Since we arrived in Antigua in early December last year, we've had quite a busy time. Tim worked a charter over Christmas and I have my friend Susan from Ottawa out for a visit, so I wouldn't be lonely.
Susan keeping cool: Tim's charter catamaran leaving English Harbour; Susan keeping cool against the Ammunition Store for Nelson's Dockyard. We actually got up early and were off the boat by 0700 to do our walk when it was reasonably cool. It was particularly hot that week and we did all our walking and shopping very early when ever possible. Late afternoon is okay, but all the roads and buildings have been soaking up the sun all day so it can be hotter because of that. The days were spent swimming to the beach and catching up on The Crown. It was great!
On our own again, we headed around to Five Islands Bay for New Years Day. Five Island Bay which is the next bay north of Jolly Harbour. We come here often and were introduced to it by our friend Skipper Tim on Stormbird. Even as we are as I type we are here, because we can get very good wifi from the resort whose beach we are anchored off and there is very little boat traffic, which makes it quiet and good for swimming.. The downside of this anchorage is that if can be quite rolly in a northerly swell as it is now. There is a small superyacht that has re-anchored half a dozen times, probably at the guests request, trying to find a spot less rolly. We are however happy to suffer for our blog. ;)
The New Year's Day Super Moon and sunset in Five Islands Bay. These photos where taken within minutes of each other - the moon rising to the East and the sun setting to the West.
Before our a charter we worked in Barbuda, we hopped over to Guadalupe to investigate the purchase of new chain and the possibility of getting some work done on my knee. Neither of these things worked out, but I have at least had a recommendation from a Deshaies doctor that I need an arthroscopy to see what is causing the inner knee pain and swelling, though thanks to the thousands (only a slight exaggeration) of people who have suffered the same symptoms, I have a good idea of what the problem is. We weren't able to overcome the travel or language barriers to see the consultant in Pointe a Pitre. I hope to fare better in Trinidad when we are there later in the year.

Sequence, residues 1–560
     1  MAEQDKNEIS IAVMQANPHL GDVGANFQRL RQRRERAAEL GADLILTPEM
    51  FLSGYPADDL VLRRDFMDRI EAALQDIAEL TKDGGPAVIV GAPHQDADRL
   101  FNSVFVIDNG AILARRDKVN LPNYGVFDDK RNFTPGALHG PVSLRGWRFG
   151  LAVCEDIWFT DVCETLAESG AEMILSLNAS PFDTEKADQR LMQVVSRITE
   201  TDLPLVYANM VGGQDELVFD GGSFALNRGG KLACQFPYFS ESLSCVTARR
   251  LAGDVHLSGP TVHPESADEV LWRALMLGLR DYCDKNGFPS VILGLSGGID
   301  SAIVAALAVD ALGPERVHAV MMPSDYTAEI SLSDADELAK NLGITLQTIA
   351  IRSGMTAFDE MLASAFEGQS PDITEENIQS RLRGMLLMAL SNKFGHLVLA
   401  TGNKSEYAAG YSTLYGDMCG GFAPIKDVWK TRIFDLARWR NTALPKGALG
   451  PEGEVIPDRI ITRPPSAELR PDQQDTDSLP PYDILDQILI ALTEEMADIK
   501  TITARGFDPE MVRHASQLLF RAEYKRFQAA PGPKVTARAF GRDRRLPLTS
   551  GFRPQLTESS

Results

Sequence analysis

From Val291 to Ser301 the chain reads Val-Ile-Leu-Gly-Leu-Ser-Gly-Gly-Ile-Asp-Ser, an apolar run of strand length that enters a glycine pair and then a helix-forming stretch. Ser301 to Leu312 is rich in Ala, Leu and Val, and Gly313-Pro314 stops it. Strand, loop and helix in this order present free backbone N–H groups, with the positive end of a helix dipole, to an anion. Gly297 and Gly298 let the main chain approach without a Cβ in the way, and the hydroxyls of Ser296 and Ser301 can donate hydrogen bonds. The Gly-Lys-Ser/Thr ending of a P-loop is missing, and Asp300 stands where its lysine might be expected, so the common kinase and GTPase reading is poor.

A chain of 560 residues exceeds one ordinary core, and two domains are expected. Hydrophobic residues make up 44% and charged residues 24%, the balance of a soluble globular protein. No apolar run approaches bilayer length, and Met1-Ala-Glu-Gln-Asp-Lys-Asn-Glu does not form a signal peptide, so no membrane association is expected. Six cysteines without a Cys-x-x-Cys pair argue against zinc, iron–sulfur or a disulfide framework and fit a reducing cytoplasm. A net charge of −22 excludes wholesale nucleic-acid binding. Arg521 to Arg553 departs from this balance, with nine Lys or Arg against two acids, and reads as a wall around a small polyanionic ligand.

For any of you who have watched Death In Paradise, you might be interested to know that it is film in Deshaies, lthought the location is the fictitious island of Saint Marie.
Saint Marie sounds very like the Guadeloupean island of Marie Gallant which lies to the south east of Guadeloupe.
The beach house where the British police officer is staying, is on a beautiful long white beach (with a large rock that we sail past every time we come to Guadeloupe from Antigua), the beach to the resort where we picked put our hire car to look for chain and visit doctors.
So if any of this has interested you, there is a 48 hour screening of all 48 episodes in July this year. Yoo hoo, anyone?
This little critter is one of many that stowed away on board Larus somewhere on the US Eastern Seaboard.
They have a grip like you wouldn't believe. For a long time I thought that the bug I kept seeing had just blown back on board or that it's little hooked toes had clung on to the tissue I had trapped it in and shaken it out of. But with so many reappearances, I became more careful and made sure I saw it hit the water.
I kept finding them randomly, walking walking, inside the cockpit lockers from North Carolina to Bermuda and finally Antigua. I found one while eating dinner, watching either the Crown or Victoria with the lights dimmed. We were having salad and after a bite I felt something on my knuckle. I very nearly stuck out my tongue to lick off what I assumed was a random piece of lettuce, but instead I flicked on the light. I'm glad I did. It was not a bit of lettuce; it was one of those bugs.